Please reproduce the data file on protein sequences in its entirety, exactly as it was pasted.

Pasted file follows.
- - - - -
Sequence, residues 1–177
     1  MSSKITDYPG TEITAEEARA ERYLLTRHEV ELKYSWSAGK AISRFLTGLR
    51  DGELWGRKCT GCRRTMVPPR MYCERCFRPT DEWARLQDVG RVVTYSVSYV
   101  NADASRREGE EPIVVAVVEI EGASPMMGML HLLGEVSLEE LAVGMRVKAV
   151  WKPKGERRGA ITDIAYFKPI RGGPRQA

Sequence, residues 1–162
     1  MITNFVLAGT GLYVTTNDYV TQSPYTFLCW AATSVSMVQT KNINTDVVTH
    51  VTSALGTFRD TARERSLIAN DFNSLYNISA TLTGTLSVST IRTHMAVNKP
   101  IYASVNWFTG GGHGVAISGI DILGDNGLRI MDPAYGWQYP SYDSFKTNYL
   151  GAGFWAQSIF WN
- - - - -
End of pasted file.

Sequence, residues 1–177
     1  MSSKITDYPG TEITAEEARA ERYLLTRHEV ELKYSWSAGK AISRFLTGLR
    51  DGELWGRKCT GCRRTMVPPR MYCERCFRPT DEWARLQDVG RVVTYSVSYV
   101  NADASRREGE EPIVVAVVEI EGASPMMGML HLLGEVSLEE LAVGMRVKAV
   151  WKPKGERRGA ITDIAYFKPI RGGPRQA

Sequence, residues 1–162
     1  MITNFVLAGT GLYVTTNDYV TQSPYTFLCW AATSVSMVQT KNINTDVVTH
    51  VTSALGTFRD TARERSLIAN DFNSLYNISA TLTGTLSVST IRTHMAVNKP
   101  IYASVNWFTG GGHGVAISGI DILGDNGLRI MDPAYGWQYP SYDSFKTNYL
   151  GAGFWAQSIF WN